Clearing all the hurdles of the job search process is no small feat, but there is one last important step to ensure your prospective job meets your needs: negotiating the contract. The contract includes important details regarding your compensation, benefits, termination language, work schedule, restrictive covenants, and malpractice tail coverage.
Make sure the compensation you are being offered is commensurate with your skills and experience. It is especially helpful to look at physician compensation reports for certain specialties, such as this report here. And if an employer offers incentive pay, look closely at the stated requirements to receive such pay.
Specific requirements pertaining to productivity, collections, and quality may also affect your compensation and should be included in the contract as well.
Once you have an idea of the salary range being offered, try to guarantee your salary for a sufficient amount of time to allow your practice to build. Most practices take at least 12 months to build sufficient volume.
It is very important that your work schedule and call coverage are clearly outlined in your contract. Potential employers will often try to give you the flexibility to adequately meet your patient and practice’s needs and any initial promises from your employer about your schedule should be explicitly written in your contract.
If you can, try to find out information about the typical on-call expectations of other physicians within your specialty to ensure that you are not being scheduled for more call coverage than other physicians on similar contract terms. If the needs of your family require a non-traditional work or call schedule, this should be explicitly stated in the contract.
Lastly, you will want to know whether there is additional pay for being on-call or if there are already certain on-call expectations built into your compensation.
Benefits can be worth thousands of dollars a year, so it is important to understand the scope and effective date of the benefits offered. There are several types, including health insurance, relocation, continuing education reimbursement, and retirement. One essential benefit is professional liability coverage. This will protect you in the event a patient is harmed while under your care.
There are typically two types of professional liability coverage offered, “occurrence-based” and “claims-made.” Occurrence-based policies cover you for incidents that happened during the coverage year, regardless of when the claim is filed. Claims-made policies cover only claims filed during the year of coverage, which requires malpractice tail coverage for when your employment term ends.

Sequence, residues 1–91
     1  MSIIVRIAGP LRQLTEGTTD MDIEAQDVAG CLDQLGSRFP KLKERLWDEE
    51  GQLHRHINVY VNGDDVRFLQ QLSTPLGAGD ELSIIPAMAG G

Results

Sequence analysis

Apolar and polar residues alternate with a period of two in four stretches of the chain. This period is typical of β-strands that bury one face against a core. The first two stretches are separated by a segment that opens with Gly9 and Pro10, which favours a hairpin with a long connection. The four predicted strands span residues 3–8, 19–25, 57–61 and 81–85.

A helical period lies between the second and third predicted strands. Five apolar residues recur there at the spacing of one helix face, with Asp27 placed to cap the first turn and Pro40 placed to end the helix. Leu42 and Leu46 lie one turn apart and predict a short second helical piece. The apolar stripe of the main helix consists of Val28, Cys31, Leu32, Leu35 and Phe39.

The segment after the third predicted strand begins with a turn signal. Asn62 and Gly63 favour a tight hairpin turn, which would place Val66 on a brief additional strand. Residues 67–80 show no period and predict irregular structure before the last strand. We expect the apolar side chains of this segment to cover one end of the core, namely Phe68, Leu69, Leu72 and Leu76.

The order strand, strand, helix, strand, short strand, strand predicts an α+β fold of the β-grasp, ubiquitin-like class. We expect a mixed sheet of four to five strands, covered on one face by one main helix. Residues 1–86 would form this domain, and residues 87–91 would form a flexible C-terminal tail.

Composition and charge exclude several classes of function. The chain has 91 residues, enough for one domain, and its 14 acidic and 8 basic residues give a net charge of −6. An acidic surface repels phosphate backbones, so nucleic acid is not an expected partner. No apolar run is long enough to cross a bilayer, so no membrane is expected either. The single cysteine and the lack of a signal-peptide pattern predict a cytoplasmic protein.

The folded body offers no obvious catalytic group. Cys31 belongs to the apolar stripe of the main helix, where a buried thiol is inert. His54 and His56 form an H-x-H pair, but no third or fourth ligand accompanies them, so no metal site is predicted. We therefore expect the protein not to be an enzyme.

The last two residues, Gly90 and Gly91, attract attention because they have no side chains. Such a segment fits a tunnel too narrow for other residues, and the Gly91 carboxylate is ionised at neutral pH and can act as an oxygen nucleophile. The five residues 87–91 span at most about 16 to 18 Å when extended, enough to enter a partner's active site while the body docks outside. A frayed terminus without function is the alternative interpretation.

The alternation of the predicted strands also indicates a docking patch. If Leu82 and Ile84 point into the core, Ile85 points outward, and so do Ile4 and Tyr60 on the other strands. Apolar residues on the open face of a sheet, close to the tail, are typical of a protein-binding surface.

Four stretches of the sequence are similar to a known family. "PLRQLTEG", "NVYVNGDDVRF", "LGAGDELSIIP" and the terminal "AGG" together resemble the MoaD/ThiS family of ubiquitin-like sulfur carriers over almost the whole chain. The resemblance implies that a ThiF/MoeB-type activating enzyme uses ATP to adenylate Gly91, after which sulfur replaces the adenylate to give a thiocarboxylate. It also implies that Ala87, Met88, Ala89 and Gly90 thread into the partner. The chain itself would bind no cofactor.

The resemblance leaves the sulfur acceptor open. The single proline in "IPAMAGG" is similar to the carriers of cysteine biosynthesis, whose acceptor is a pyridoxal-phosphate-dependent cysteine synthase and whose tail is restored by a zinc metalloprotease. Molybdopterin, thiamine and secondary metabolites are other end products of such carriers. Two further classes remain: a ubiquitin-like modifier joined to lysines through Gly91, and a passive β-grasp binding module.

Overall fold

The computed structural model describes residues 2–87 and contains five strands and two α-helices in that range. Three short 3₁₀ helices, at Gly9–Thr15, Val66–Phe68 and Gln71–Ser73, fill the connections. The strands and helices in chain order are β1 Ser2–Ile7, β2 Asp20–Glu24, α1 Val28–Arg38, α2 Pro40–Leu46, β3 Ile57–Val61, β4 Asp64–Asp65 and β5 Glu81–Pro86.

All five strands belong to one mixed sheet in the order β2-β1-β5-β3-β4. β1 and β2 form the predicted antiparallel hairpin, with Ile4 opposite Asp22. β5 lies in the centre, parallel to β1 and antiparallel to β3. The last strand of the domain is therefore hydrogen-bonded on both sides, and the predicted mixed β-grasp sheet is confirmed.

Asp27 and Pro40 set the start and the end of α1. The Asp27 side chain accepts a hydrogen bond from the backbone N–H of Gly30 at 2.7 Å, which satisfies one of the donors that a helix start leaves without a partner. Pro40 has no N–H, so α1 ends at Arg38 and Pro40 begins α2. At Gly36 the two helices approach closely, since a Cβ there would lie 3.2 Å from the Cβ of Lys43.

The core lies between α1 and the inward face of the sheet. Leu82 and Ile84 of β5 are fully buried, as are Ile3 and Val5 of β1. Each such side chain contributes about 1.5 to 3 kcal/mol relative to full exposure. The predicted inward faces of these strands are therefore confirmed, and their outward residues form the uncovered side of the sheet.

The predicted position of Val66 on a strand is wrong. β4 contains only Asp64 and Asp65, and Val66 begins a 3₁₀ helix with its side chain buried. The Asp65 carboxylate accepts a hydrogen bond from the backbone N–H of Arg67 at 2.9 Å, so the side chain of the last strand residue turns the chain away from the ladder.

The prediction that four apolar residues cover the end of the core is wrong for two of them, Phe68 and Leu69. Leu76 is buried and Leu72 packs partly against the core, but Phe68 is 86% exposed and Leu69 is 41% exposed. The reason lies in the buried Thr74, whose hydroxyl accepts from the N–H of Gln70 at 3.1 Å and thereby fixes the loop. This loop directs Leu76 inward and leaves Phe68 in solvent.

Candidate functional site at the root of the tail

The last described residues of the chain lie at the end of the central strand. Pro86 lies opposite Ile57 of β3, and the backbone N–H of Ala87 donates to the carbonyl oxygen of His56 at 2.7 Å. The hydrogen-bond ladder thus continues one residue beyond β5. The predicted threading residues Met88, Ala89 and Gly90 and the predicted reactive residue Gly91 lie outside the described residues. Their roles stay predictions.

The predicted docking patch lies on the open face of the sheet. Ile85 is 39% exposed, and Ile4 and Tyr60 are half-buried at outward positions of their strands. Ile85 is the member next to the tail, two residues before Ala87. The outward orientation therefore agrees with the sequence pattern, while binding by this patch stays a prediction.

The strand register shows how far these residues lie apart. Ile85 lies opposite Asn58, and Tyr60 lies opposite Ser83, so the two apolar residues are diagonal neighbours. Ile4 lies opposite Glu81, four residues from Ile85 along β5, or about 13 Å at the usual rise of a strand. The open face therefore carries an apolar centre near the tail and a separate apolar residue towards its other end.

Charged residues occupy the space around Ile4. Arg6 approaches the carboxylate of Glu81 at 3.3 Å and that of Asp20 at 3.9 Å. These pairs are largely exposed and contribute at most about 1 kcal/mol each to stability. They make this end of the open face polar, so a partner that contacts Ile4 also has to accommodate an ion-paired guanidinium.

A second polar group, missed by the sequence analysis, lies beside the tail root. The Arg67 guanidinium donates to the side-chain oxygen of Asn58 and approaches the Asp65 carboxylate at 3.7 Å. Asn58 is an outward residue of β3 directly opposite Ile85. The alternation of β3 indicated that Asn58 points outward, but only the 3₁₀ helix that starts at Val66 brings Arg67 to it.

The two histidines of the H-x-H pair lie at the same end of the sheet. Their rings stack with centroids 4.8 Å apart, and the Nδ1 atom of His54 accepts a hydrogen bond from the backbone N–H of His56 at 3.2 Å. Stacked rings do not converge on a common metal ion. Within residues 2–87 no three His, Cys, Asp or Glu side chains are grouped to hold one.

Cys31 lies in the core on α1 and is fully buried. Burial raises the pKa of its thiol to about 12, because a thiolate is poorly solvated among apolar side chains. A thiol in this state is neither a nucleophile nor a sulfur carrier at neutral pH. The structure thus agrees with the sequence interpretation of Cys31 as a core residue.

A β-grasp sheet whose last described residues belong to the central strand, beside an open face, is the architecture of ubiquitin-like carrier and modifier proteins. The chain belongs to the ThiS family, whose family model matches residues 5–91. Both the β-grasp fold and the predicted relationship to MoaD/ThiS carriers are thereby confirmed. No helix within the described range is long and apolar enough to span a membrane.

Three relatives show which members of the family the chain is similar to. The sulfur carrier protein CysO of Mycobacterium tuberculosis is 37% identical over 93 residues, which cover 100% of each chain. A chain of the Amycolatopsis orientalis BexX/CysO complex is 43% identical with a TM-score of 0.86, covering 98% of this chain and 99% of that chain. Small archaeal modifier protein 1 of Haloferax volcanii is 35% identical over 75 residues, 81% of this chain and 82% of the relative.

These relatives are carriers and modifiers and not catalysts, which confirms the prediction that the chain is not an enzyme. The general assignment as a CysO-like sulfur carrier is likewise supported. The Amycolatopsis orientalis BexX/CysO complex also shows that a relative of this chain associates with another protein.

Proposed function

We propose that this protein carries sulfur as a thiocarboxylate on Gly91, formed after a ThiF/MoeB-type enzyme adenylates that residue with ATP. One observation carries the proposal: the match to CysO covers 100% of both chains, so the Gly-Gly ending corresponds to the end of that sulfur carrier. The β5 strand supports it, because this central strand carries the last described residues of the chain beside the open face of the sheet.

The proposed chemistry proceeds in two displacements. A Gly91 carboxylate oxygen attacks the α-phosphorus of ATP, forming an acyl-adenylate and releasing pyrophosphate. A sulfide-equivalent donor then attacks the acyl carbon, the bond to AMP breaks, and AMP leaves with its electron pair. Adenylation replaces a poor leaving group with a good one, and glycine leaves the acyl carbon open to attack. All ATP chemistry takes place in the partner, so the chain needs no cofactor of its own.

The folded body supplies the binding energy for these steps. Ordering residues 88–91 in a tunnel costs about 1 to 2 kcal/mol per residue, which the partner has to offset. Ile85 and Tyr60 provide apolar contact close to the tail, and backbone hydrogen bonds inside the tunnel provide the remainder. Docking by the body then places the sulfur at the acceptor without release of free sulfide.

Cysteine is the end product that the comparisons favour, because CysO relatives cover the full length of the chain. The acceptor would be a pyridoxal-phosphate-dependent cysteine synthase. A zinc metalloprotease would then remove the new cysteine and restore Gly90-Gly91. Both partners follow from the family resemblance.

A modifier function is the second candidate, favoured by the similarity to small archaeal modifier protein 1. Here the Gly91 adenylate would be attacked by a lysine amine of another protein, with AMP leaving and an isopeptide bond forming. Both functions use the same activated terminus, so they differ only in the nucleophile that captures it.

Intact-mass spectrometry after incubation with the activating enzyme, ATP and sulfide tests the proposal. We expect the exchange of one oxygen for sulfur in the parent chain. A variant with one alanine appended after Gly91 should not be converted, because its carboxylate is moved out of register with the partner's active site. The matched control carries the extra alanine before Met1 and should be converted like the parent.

Malpractice Tail Coverage
Malpractice tail coverage is an extended reporting period endorsement, offered by a physician’s current malpractice insurance carrier. This plan allows an insured physician the option to extend coverage after the cancellation or termination of a claims-made policy.
Make sure that you know which party is responsible for the tail coverage. Usually it is advisable to try to negotiate for the employer to be responsible in the event of a “without cause” termination (which we will discuss later) or if the employer does not renew your contract.
While occurrence-based coverage is often the preferred professional liability coverage, having claims-made coverage along with malpractice tail coverage will essentially cover you the same way.
You may envision working with a certain organization for the rest of your career or maybe only for a couple years. Regardless, it is crucial that you understand the length of your contract and when you can or cannot leave your position.
Nearly all physician contracts will feature conditions under which an employer can terminate employment for cause. Typically, a contract will also feature a “without cause” provision that allows both you and the employer to end your employment without cause if a written notice is delivered beforehand. This notice generally must be delivered anywhere from 60 to 120 days before the termination date depending on requirements outlined in the contract.
Restrictive covenants, also known as non-competes, are in place so that you cannot practice as a physician within the same “market” as your previous employer for a certain period of time. These restrictions are in place so that the employer can protect their commercial interests.
This prohibited practice area could be anywhere from a couple miles in an urban area to hundreds of miles in a more rural location. The contract should also feature a precise amount of time that the non-compete agreement will last.
Additionally, you should try to make sure that there are certain limits in place as to what situations post-employment restrictions can be enforced.
Navigating the Key Elements
As you can see, there are many different components of the physician contract with numerous variables within each component. Having an attorney review and negotiate your contract can be immensely helpful in this process. Resolve’s attorney team has reviewed over $1 Billion in physician contracts with over 80% of clients seeing an increase in the value of their contracts.